I think by Greek Catholics he simply meant eastern rite Catholics. It's a synonym for the 'U' word that we dare not speak. I'm pretty sure he was using it in this sense as clearly there weren't any ethnically Greek Catholics in Austro-Hungary. I'd also note that in my wife's home town, where eastern rite catholics are so clearly Ukrainian that their church is often simply referred to as the Ukrainian church and where they conduct the Liturgy solely in either Slavonic or Ukrainian (I'm afraid I cannot tell the difference but it certainly isn't Romanian), eastern rite catholics are almost always referred to as Greco-Catolic, or Greek Catholic. It's a confusing title to be sure, but the Greek clearly does not refer to the ethnicity of those practicing the faith.

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« Reply #10 on: January 26, 2007, 11:19:23 AM »

"in the 1920s Pope Pius XI ordered that they Latinize and give up the Eastern Rite, traditions and practices."

Never heard of this before. Pope Pius XI was in fact very supportive of the Eastern Catholic Churches, writing two Encyclicals on them and giving the Oriental Congregation exclusive oversight of the Eastern Churches freeing them from the other Latin congregations.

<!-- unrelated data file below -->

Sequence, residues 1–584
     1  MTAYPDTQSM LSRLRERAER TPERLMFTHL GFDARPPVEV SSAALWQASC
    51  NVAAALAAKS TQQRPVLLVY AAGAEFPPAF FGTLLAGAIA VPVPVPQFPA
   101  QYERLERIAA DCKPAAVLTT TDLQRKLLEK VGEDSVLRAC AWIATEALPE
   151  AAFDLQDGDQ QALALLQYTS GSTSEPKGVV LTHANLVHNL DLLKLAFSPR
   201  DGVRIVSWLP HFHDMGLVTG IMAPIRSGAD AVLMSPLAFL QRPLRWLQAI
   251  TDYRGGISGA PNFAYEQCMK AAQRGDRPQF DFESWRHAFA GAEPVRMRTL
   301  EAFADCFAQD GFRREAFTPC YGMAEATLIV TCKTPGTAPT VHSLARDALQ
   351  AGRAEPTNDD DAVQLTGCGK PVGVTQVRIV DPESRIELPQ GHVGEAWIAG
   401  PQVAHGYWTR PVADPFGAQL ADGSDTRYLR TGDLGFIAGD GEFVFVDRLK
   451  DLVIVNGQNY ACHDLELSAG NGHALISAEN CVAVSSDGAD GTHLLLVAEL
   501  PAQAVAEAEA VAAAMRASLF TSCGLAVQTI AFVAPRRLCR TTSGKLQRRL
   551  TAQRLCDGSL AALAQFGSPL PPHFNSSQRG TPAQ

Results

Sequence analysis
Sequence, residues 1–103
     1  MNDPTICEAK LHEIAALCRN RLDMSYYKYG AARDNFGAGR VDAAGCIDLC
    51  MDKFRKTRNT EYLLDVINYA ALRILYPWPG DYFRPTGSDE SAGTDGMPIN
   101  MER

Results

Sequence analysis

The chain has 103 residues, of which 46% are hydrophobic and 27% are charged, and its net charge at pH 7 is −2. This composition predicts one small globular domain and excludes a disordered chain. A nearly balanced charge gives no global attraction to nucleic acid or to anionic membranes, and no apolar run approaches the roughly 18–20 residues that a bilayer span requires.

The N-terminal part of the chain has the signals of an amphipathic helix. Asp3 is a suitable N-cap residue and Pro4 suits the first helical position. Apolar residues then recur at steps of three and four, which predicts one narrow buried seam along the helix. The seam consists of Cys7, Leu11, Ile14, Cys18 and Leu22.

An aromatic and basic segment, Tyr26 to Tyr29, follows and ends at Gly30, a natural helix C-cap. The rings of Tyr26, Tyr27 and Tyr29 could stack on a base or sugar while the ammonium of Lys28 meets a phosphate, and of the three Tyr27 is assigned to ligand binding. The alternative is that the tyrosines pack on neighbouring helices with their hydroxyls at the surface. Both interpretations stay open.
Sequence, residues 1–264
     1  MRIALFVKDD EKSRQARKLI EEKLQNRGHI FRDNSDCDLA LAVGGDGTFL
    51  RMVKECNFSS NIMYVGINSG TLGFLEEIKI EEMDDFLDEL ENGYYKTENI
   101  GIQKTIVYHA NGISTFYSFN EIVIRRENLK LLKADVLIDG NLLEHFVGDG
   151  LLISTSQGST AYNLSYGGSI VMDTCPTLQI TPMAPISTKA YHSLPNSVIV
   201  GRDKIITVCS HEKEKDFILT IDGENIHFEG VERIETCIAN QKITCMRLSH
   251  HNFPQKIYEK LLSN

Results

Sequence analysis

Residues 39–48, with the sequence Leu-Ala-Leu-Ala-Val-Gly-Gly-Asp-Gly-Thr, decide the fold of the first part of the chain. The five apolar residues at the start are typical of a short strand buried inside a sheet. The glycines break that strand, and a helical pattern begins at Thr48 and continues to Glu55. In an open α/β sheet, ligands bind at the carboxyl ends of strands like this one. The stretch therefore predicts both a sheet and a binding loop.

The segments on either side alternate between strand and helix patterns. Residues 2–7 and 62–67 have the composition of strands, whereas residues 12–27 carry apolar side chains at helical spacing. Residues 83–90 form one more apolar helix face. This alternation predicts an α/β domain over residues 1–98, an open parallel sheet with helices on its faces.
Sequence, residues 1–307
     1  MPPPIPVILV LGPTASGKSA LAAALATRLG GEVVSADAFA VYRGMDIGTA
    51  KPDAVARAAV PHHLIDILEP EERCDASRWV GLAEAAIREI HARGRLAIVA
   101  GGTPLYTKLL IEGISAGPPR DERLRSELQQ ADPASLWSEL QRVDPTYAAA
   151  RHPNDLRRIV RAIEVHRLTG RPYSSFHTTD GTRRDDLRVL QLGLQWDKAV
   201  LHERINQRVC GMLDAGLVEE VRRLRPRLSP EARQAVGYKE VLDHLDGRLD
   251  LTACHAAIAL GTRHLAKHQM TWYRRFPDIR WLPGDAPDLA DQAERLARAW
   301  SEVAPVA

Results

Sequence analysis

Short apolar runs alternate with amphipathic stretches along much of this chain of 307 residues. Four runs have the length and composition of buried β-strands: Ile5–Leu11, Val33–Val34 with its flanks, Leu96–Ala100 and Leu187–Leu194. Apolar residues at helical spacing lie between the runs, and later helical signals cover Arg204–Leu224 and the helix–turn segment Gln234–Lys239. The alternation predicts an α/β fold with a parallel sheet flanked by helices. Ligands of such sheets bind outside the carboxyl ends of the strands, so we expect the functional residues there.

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« Reply #11 on: January 26, 2007, 11:27:22 AM »

"I get the impression the handful of parishes here are made up basically of a handful of converts who are very different in style, ethos and background than their ethnic Eastern Catholic compatriots."

To an extent this is true.

"Those people (cradle, ethnic EC's), are generally not real interested in post schism Orthodox saints."

You might be surprised.  There is real interest even among cradle EC's about certain EO post-schism saints particularly St. Gregory Palamas, who has been restored to our calendars, St. Seraphim of Sarov, St. Sergius of Radonezh, St. John of Krondstadt, St. Herman of Alaska among others.  It is not uncommon to find their icons in our churches.